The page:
06 Jan 2021
Salesian Saints: Bl. Titus Zeman
January 8, optional memorial
Edited from www.sdb.org
Titus Zeman’s story is an excellent example of fidelity to Don Bosco’s cause, in particular through zeal and his desire to save the vocation of young Salesians with the arrival and during the time of the communist regime.
Fr. Titus Zeman, a Slovak Salesian, was born into a Christian family on January 4, 1915 in Vajnory, near Bratislava. He had wanted to become a priest from the age of 10 and completed his secondary school and high school studies in the Salesian houses at Šaštín, Hronský Svätý Benedikt and Frištak u Holešova. He made his novitiate in 1931, and, on 7 March 1938, he made his Perpetual Profession at Sacro Cuore in Rome.
A student of theology at the Gregorian University in Rome, and later in Chieri, he used his free time to do apostolate in the oratory. In Turin, on June 23, 1940, he reached the much-desired goal of priestly consecration, thanks to the laying on of hands of Card. Maurilio Fossati. He celebrated his first mass on August 4, 1940, in his hometown of Vajnory.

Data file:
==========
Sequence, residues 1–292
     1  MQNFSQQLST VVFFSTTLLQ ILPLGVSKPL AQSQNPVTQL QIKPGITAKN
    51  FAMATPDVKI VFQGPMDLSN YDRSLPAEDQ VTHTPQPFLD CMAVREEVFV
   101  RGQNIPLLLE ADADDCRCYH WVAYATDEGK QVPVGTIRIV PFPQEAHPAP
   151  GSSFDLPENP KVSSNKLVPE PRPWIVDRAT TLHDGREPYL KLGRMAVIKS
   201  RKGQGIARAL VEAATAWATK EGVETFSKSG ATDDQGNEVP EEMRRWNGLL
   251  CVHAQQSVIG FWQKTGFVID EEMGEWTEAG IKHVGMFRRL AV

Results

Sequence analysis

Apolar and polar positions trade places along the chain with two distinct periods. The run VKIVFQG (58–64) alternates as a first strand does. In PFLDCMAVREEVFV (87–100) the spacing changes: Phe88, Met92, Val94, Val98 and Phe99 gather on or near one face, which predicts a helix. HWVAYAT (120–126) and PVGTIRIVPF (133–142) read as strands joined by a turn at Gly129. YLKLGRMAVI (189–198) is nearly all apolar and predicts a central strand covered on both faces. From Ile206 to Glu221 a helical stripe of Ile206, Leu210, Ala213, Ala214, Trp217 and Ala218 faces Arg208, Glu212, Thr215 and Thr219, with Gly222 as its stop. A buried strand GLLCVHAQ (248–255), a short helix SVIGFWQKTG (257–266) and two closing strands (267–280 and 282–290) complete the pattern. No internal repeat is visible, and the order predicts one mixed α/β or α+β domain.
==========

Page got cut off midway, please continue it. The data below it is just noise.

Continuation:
When the Czechoslovakian communist regime banned religious orders in April 1950 and began to deport consecrated men and women to concentration camps, it became necessary to organize clandestine trips to Turin so the religious could complete their studies. Fr. Zeman took charge of carrying out this risky activity.
The Servant of God organized two expeditions for over 60 young Salesians. On the third expedition, Fr. Zeman was arrested along with the fugitives. He suffered a harsh trial, during which he was described as a traitor to the homeland and a Vatican spy, and the death penalty was suggested for him. On February 22, 1952, in consideration of some extenuating circumstances, he was sentenced to 25 years in prison.
Fr. Zeman was released on probation after 12 years of imprisonment on March 10, 1964. By then directly affected by his suffering in prison, he died five years later, on January 8, 1969, surrounded by the glorious reputation of martyrdom and holiness.
He went through this ordeal with a great spirit of sacrifice and self-giving: “Even if I lose my life, I would not consider it a waste, knowing that at least one of those I had helped became a priest in my place.”